The A-138f is a small, dual, three-way crossfader. “Three-way” here means that we have three possible input signals and one output signal. You will look in vain for the extremely sophisticated options of the A-138e, which unfortunately is no longer manufactured. The A-138f simply fades between two signals “A” and “B” and then (from the 12 o’clock position of the controller) between “B” and “C”. And the whole thing is available twice in the module. Complete.
But the A-138f also has a user interface that you can understand at first glance and for which you don’t have to lock yourself in for days with the manual. With only 4 HP, the “Slim Line” module is also very small and is therefore ideal for smaller setups, which can also be operated completely intuitively live and in poor lighting. I would still never give up my two A-138e, but there are other reasons for that.
Unlike most other new Doepfer modules, we don’t find any other configuration options on the board. But that also fits the module, where everything is very simple and clear, and you never have to think about what the thing is actually doing at the moment.
Each of the two independent crossfaders has three inputs “A”, “B” and “C”, between which you can fade continuously. The module can be used for audio signals as well as for control voltages (e.g. LFO, envelope and random number generator). For example, crossfader 1 can be used to crossfade three waveforms of a VCO, and crossfader 2 for three modulation sources.
- A: The two “A” inputs.
- B: The two “B” inputs.
- C: The two “C” inputs.
The three inputs are not normalized: if not all inputs are occupied, the unused input is treated as “mute”. So if only “A” and “C” are occupied, there will be a crossfade between input “A”, silence and input “C”.
- Out: Outputs of the two crossfaders, which output a mix of the respective inputs “A” and “B” or “B” and “C” above.
- Crossfader 1: The mixing ratio in Crossfader 1 is set manually here. Between control positions A and B a mix of the two inputs “A” and “B” on the left side, between control positions B and C a mix of the two input signals of “B” and “C” on the left side. With the controller at the far left on A, only the input signal from “A” is output, at the “12 o’clock position” B only the input signal from “B” and at the far right on C only the input signal from “C”. The controller snaps in slightly in the middle position (B), practical!
- Crossfader 2: Like “Crossfader 1”, but for the three inputs “A”, “B” and “C” on the right side.
A crossfader is actually a very simplified mixer. Instead of several controls for the individual input signals, a crossfader has only one control that regulates the levels of the signals together. So if you already have a mixer (and who doesn’t have one), then you can basically save yourself a crossfader and screw something really great into the rack instead?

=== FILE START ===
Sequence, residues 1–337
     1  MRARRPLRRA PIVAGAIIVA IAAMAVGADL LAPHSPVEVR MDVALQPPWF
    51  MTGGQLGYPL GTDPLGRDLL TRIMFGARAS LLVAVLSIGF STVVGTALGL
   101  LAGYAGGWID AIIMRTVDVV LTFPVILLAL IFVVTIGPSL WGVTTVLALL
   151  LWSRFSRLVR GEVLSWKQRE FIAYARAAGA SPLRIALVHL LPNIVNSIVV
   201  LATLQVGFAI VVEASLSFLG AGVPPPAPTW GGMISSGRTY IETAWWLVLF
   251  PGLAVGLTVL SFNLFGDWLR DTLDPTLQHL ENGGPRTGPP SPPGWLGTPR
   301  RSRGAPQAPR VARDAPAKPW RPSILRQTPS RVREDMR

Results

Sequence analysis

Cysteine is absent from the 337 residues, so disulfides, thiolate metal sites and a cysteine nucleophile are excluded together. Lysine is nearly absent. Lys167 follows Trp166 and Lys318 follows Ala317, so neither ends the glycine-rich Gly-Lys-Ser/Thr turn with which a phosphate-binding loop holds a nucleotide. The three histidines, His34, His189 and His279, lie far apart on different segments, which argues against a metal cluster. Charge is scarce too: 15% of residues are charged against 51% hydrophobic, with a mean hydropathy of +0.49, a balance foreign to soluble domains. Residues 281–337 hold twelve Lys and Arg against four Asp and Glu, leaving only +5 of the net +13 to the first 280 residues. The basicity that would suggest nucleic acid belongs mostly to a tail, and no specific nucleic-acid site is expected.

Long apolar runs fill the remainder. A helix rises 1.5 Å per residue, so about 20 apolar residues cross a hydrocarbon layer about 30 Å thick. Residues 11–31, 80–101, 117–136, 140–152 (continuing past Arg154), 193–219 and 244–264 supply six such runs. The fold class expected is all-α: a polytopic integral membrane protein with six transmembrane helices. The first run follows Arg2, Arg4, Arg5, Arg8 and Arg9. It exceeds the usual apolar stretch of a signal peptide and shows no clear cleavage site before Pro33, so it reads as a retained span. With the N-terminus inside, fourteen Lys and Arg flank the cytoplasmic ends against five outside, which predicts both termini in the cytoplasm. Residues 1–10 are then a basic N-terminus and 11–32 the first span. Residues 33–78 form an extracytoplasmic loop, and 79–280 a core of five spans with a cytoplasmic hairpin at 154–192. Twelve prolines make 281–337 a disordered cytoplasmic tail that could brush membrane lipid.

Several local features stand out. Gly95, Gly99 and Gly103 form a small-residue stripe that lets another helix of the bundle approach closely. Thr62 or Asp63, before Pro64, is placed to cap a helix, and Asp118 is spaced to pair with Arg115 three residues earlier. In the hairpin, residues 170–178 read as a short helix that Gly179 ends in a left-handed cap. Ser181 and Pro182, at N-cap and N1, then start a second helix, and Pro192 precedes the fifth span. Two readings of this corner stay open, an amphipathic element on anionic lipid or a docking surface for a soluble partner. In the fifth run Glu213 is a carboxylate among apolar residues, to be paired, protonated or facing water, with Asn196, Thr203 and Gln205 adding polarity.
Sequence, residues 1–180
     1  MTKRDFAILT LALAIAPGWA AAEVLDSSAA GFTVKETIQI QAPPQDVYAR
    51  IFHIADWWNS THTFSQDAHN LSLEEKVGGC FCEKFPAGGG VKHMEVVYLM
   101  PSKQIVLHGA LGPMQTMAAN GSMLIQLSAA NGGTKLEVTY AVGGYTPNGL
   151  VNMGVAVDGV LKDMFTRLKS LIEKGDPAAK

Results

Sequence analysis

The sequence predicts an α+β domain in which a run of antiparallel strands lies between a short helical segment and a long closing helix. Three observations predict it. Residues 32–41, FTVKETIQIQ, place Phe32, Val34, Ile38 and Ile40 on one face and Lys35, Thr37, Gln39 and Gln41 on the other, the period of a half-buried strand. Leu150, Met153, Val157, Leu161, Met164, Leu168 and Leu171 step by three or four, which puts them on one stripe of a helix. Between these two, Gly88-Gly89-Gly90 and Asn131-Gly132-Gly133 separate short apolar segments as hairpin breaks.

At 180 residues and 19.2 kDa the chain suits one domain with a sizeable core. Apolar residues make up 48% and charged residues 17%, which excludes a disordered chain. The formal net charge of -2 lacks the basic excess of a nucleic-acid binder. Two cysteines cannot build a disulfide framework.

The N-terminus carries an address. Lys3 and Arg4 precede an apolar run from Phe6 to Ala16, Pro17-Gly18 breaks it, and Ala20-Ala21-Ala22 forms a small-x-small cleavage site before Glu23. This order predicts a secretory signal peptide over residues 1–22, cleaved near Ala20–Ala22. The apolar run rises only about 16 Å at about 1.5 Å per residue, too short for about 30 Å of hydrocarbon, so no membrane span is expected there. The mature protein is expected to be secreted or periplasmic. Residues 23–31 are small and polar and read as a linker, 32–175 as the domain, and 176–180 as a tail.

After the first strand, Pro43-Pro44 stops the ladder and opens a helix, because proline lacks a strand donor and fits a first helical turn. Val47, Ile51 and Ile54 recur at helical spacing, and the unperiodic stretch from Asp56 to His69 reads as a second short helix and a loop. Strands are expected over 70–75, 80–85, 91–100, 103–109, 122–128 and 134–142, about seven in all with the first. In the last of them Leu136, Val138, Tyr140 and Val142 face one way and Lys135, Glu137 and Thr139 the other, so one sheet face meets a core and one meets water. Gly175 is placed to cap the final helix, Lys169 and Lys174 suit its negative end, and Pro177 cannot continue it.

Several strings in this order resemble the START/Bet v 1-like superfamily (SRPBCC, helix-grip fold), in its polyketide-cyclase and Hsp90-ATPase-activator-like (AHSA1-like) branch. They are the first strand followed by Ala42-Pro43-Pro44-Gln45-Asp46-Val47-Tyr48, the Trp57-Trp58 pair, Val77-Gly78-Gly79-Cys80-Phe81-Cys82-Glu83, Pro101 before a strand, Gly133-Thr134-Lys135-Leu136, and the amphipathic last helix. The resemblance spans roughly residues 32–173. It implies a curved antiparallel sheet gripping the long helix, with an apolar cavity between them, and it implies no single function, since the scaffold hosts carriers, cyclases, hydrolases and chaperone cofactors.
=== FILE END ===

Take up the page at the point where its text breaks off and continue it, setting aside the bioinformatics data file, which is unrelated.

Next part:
This is where the most important building block of every modular system comes into play: the person who sits in front of it and hopefully does totally creative and musical things with this heap of technology. And here we have a few serious technical limitations: Unfortunately, such a person only has two hands with which he or she can screw on the box at the same time. So when it comes to smoothly fading two signals into each other, you need two hands for a mixer, and only one for a crossfader – unless everything is already automated via control voltages, but then we talk about other rack space requirements and modularist budgets. And even then, it is not uncommon for the situation to arise where everything on CV-controlled mixers is already built into the patch, but you still want to crossfade other audio or modulation sources. For such cases, the 4HP of the A-138f is pretty well laid out rack space.
Another scenario is mixing ratios from several audio or modulation sources, which should be as equal as possible. Anyone who, like me, has been smitten by the virus of the polyphonic modules will know what I mean. Let’s say I want to mix two polyphonic A-111-4 VCOs and optionally an A-111-4 VCO and a noise generator as inputs to an A-105-4 VCF. Many use the A-138n narrow mixers for this: The mixers have four inputs that can be mixed at will, so for a polyphonic setup you need four such A-138n mixers. Only needs 16TE space, that’s still manageable. The disadvantage of this is that you have to operate no fewer than 8 controls – in different directions – for all changes in the mixing ratio, e.g. of two A-111-4. If you take two A-138f instead, then there are only four controllers. And with a little practice, you can adjust two of these controls together with one hand, since they all have to be moved in the same direction.
A-138e Quad Three-Way Crossfader / Mixer / Polarizer